"Everyone is what they are and where they are for a reason. Terrible things happen for a reason. Take what happened to you, Lord Varys, when you were a child. If not for your mutilation at the hand of a second-rate sorcerer, you wouldn't be here, helping the Lord's chosen bring his light into the world. Knowledge has made you powerful, but there's still so much you don't know. Do you remember what you heard that night when the sorcerer tossed your parts in the fire? You heard a voice call out from the flames, do you remember? Should I tell you what the voice said? Should I tell you the name of the one who spoke? We serve the same queen. If you are her true friend, you have nothing to fear from me."
The fact that this stranger knows so much about Varys speaks to the true power the series has given to the R'hllor faith, and the importance the Lord of Light will play as we move toward the final episode. Did the voice in the flames also predict Daenerys Targaryen as being the chosen Prince, and did it subconsciously direct Varys to Daenerys to help fulfill a greater prophecy? Regardless of how we choose to answer these questions, the moment is vital because it gives credence to a new idea — not only does Varys's past as a slave and his devotion to the people of Westeros keep him true to Daenerys, but so does his desire to stay away from the flames that consumed his manhood as a youth.
And, if his encounter with Kinvara isn't eerie enough, Varys receives a prophecy from Melisandre when she visits Dragonstone in the third episode of season seven. At first, she is somber and reveals that neither the King in the North nor his adviser, Davos Seaworth, find favor in her because of the mistakes she made in the service of Stannis Baratheon. She goes on to claim that she's done her part by bringing "ice and fire" (Jon and Dany) together, and that her need for "whispering in the ears of kings" has passed. But when Varys threatens her and warns her never to return to Westeros, Melisandre grows testy and stuns him with a chilling prophecy: "I will return, dear Spider. One last time. I have to die in this strange country . . . just like you."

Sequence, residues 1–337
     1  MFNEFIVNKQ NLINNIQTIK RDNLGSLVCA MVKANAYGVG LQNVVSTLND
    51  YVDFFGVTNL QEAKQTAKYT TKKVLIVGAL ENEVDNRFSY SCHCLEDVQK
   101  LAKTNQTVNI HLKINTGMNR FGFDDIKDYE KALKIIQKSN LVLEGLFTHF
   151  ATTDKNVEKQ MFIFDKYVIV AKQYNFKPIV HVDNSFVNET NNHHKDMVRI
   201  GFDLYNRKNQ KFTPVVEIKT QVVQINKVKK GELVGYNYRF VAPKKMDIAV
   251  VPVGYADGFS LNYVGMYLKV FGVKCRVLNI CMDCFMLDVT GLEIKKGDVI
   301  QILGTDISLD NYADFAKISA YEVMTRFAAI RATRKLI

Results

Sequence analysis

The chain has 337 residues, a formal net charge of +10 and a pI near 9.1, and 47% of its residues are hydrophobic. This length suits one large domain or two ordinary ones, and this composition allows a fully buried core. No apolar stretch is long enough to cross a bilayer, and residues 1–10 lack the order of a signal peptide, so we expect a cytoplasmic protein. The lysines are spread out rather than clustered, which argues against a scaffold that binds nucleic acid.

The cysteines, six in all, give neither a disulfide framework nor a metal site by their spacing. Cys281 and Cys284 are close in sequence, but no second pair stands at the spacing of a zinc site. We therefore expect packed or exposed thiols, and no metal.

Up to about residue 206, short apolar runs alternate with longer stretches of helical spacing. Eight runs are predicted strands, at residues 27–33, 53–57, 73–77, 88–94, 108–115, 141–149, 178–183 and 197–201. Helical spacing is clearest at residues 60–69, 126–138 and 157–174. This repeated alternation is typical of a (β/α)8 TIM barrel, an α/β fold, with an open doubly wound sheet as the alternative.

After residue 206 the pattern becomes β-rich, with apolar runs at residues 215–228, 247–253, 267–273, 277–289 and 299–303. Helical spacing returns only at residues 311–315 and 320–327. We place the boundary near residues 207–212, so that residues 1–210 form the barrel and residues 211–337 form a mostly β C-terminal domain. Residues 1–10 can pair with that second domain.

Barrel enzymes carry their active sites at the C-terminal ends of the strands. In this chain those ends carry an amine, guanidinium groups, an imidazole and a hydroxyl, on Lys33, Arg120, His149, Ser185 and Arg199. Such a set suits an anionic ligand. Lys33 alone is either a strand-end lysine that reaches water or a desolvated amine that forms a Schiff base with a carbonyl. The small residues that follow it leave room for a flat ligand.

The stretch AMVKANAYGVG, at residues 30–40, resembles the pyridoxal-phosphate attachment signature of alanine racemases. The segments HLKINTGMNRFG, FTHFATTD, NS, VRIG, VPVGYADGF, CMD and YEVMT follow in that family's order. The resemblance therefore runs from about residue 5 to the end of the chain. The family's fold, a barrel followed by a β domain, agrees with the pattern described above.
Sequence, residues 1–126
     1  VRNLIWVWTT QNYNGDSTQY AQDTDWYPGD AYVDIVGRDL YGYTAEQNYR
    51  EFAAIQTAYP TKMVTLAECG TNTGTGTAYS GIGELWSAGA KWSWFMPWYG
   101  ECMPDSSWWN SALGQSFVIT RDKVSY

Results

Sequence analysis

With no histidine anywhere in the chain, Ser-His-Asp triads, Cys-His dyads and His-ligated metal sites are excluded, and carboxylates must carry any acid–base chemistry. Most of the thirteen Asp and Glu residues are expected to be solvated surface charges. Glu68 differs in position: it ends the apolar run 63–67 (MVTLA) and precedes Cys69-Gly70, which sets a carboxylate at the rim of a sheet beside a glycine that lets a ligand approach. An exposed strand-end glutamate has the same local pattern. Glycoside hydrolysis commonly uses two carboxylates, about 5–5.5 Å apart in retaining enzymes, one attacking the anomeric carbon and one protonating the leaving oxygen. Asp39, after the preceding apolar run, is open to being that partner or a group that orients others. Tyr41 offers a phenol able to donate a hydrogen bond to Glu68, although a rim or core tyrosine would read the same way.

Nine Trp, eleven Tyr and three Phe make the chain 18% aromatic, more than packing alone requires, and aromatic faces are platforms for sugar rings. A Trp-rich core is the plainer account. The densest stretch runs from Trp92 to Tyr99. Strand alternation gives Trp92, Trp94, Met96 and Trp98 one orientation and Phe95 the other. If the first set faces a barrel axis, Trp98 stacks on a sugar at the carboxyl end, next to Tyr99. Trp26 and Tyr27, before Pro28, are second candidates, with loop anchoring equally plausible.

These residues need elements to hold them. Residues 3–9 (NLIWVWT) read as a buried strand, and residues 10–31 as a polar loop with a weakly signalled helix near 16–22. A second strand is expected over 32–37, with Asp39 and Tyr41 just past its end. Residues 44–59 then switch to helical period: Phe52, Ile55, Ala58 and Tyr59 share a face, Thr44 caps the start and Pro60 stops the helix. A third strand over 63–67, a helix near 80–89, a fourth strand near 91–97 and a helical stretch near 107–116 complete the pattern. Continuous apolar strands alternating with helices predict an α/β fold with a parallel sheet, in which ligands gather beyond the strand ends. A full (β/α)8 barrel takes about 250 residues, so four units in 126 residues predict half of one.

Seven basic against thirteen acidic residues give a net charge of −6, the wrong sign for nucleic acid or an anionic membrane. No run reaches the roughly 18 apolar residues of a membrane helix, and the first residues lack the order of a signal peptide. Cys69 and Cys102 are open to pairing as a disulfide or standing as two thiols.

The statement doesn't give Varys much to go on. However, if you group the information with the flames he heard as a child and the conversation with Kinvara in Meereen, we can theorize that Varys's role in the War for Westeros may be more important than we first imagined — especially in the wake of the Great War, where one of Melisandre's prophecies proves crucial in killing the Night King.
We imagine the flames themselves are the key. In ancient Greek mythology, fire is a living entity passed down by the gods. Prometheus, a trickster deity from Titan, feels sorry for man's weakened plight and raids the workshop of Hephaestus and Athena on Mt. Olympus. He steals fire, gives the valuable gift to man, and teaches us the science behind its use. This domestication of fire becomes the symbolic birth of civilization. With that logic in mind, maybe the flames indicate Varys will have to sacrifice himself in order to aid the birth of a new and better civilization. Maybe the flames that Varys fears will have a positive effect on the fates of Daenerys Targaryen, Jon Snow, and the rest of the North. Or better yet, perhaps this is a sign that the Mother of Dragons will defeat the Mad Queen in the Battle for the Iron Throne. But then again, nothing is predictable on Game of Thrones, and Melisandre has been woefully wrong before.
We'll just have to whisper a prayer to R'hllor and hope for the best.